Power: The 100 Women Who Run This Town

Teresa Heinz Kerry
64, Chair, the Heinz Family philanthropies
Heinz Kerry needs no introduction, either here or inside the Beltway. But what the hell. Raised in Mozambique, she came to the States and married future Pennsylvania Senator John Heinz of the ketchup family fame, was widowed when his plane crashed in 1991, then married Senator John Kerry in 1995. (The former staunch Republican registered as a Democrat in January, after her husband announced his presidential candidacy.) Though she shuns the spotlight, Heinz Kerry holds tons of clout as a social policy expert and as head of a foundation that distributes $4 million a year. Last year, Massachusetts adopted a new prescription-drug plan for seniors that her foundation developed. If John Kerry fares poorly in 2004, his wife may end up with more clout than him.

Carol Fulp
51, Vice President for Community Relations, John Hancock Financial Services
During her long career in nonprofit organizations, Fulp has sat on the boards of the United Negro College Fund, the Big Sister Association, the Boston Symphony Orchestra, the Boston YMCA, the Museum of Afro-American History — you could build a house with all these boards. The Newton resident is also a trustee of the Dana-Farber Cancer Institute and a member of the senior executive team of the Partnership (run by fellow power listee Benaree Wiley). At her so-called day job, Fulp oversees John Hancock’s corporate charity arm, which hands out some $4 million each year to programs all over Boston.

Heather Campion
45, Executive Vice President for Corporate Affairs, Citizens Financial Group
Before she joined the area’s second-largest bank as a senior executive in 1997, most of Campion’s experience had been in politics and academia. She cut her teeth on President Jimmy Carter’s White House staff and later worked on the presidential campaigns of Walter Mondale and Michael Dukakis. They may have lost, but Campion won herself the associate director job at the Institute of Politics at Harvard’s John F. Kennedy School of Government. In her current role at Citizens Financial, she heads up government relations, public affairs, and media relations, making her essentially the smiling face that fronts this huge bank, which just finished its 10th straight year of record earnings. Campion also controls the bank’s charitable foundation.


Rear Admiral Vivien S. Crea
51, Commander, First Coast Guard District; Commander, Maritime Defense Command One
After the buildings fell on September 11, Crea left her desk job in Washington, DC, to work the front lines of national security. Now she’s in command of the Coast Guard’s entire Boston-based northeastern fleet. With 2,000 miles of waterfront under her charge (from Maine to New Jersey), she has at her disposal 3,500 sailors, 350 Coast Guard vessels, and eight aircraft. (She personally can pilot turboprops, helicopters, and jets.) The first woman to make admiral in the Coast Guard and the first to command one of the nation’s nine Coast Guard districts, she lives in a lighthouse in Beverly. To boot, she’s got a sense of humor. When questioned by an NBC-TV reporter about what she brings to the job that a man wouldn’t, she replied, “Well, I wear skirts.”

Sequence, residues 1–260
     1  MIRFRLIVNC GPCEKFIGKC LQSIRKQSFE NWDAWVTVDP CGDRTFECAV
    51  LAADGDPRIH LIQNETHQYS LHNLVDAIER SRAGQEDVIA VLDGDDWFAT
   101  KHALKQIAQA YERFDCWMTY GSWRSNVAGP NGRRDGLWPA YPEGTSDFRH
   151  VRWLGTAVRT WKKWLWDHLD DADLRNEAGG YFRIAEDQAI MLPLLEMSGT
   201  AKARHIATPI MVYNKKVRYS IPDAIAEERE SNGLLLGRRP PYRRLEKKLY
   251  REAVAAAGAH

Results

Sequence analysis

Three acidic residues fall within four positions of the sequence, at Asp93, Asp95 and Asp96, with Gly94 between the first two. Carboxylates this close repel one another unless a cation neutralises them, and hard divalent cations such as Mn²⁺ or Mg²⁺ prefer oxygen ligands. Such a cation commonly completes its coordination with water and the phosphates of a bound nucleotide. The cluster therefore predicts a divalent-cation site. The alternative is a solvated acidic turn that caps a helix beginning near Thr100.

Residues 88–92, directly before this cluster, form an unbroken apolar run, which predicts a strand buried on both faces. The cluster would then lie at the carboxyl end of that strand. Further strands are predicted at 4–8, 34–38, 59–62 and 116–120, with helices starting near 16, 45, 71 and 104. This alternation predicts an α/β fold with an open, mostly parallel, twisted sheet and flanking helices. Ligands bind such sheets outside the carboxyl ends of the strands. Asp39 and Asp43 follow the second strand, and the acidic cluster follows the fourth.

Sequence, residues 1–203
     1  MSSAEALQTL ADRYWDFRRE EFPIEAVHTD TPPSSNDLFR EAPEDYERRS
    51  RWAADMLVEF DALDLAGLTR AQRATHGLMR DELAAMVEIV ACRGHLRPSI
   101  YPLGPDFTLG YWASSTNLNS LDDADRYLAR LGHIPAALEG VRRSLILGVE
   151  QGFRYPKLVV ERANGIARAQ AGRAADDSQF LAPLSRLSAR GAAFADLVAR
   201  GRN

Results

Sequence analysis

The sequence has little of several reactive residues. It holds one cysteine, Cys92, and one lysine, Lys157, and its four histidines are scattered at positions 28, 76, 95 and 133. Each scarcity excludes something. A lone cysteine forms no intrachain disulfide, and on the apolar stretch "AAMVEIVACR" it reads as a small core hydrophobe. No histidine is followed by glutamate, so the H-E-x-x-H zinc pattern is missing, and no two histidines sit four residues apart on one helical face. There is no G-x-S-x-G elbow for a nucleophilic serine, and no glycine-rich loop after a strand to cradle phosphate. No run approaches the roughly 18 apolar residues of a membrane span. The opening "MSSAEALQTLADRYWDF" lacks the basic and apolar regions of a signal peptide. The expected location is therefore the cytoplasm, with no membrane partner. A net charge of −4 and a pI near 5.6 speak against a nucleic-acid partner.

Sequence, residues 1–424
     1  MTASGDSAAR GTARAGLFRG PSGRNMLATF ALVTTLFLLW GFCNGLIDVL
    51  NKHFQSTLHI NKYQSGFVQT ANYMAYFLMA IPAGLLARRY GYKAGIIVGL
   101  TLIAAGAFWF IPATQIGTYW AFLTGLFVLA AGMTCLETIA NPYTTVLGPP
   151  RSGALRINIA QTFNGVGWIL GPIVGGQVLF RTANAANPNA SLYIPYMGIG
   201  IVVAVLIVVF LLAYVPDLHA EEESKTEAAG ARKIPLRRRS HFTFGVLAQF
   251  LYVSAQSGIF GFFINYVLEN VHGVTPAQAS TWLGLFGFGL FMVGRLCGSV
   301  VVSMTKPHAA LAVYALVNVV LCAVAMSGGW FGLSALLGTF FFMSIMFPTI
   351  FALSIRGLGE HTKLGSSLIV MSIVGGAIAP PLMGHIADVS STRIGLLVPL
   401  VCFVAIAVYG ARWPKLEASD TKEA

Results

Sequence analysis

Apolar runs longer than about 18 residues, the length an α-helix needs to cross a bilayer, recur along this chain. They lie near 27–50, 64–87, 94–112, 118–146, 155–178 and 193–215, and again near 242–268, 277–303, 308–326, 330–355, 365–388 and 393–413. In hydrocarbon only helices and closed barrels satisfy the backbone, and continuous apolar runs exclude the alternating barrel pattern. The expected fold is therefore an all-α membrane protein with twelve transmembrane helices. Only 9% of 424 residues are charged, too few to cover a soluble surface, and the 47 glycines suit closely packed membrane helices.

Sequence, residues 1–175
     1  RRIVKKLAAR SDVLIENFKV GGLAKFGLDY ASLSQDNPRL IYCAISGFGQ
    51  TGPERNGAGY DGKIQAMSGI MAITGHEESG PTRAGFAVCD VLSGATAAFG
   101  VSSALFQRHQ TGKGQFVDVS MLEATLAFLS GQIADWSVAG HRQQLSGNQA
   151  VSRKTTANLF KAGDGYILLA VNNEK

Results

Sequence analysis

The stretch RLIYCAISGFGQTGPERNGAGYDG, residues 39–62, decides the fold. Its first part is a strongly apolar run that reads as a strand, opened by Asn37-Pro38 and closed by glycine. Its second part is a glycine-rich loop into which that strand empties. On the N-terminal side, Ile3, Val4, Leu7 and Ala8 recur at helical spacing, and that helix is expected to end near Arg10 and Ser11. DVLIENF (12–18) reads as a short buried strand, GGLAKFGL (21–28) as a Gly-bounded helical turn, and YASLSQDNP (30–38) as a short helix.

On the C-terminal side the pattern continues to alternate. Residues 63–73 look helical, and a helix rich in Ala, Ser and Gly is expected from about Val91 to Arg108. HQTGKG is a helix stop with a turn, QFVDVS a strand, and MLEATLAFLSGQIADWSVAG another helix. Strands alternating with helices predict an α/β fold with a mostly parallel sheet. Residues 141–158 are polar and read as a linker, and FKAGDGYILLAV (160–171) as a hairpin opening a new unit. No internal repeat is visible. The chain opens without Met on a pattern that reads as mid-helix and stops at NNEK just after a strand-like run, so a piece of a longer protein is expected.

Joan Vennochi
50, Columnist, the Boston Globe
Vennochi is herself this city’s most artful chronicler of power, particularly in politics and business. She’s a foil to a mayor who goes pretty much unchallenged elsewhere, and a contrarian about a lot of what the chamber of commerce types are pushing. Her institutional experience (she’s been reporting in this town for more than two decades) makes it hard to argue with her. It also makes her one of the most powerful women in the local media, and the most powerful woman columnist in town.

Karen Kaplan
42, President, Hill, Holliday’s Boston office
Two decades ago, Kaplan started at Hill, Holliday as a receptionist. Today she runs the Boston office of this advertising powerhouse, which pulls in $1 billion in annual billings. More than 400 people report to her, including 100 hired last year alone. Tough times? Not at Hill, Holliday. An indication of how hot Kaplan’s firm is today: The Boston office dreamed up the Budweiser advertisement that ran after kickoff during the Super Bowl, arguably the most coveted TV ad spot of the year. Just about every media critic in America gushed over the ad, which featured the famous Bud Clydesdales playing football. “Anheuser-Busch’s Clydesdales ad from Hill, Holliday was the day’s gem,” noted the Chicago Tribune. Other Hill, Holliday clients include Dunkin’ Donuts, the Boston Globe, Fleet-Bank, and John Hancock.

Marian L. Heard
62, President and CEO, United Way of Massachusetts Bay
Heard has a knack for wresting money from tightfisted local CEOs. The woman known in the Financial District as “St. Marian” can also invoke Governor Mitt Romney, who put the Democrat on his transition team — and whose wife, Ann, is on her board of directors. “Marian has probably had more impact on this community than anybody in the last 12 years,” said one speaker at a benefit last month. Heard controls $38 million a year that’s handed out to human service agencies, which are getting desperate now that the governor has all but wiped out social spending.

Barbara Hostetter
Philanthropist, the Barr Foundation
Nobody in Boston has more money to give away than Hostetter. The $850 million Barr Foundation, which she runs with her billionaire husband, Continental Cablevision founder Amos (he manages its investments; she oversees its donations), accepts grant proposals on an invitation-only basis. Over the past five years, the Hostetters have turned their foundation into the city’s biggest charity based on asset size, giving away more than $40 million a year. Think she’s in it for the glory? Nope. Most of her gifts are anonymous.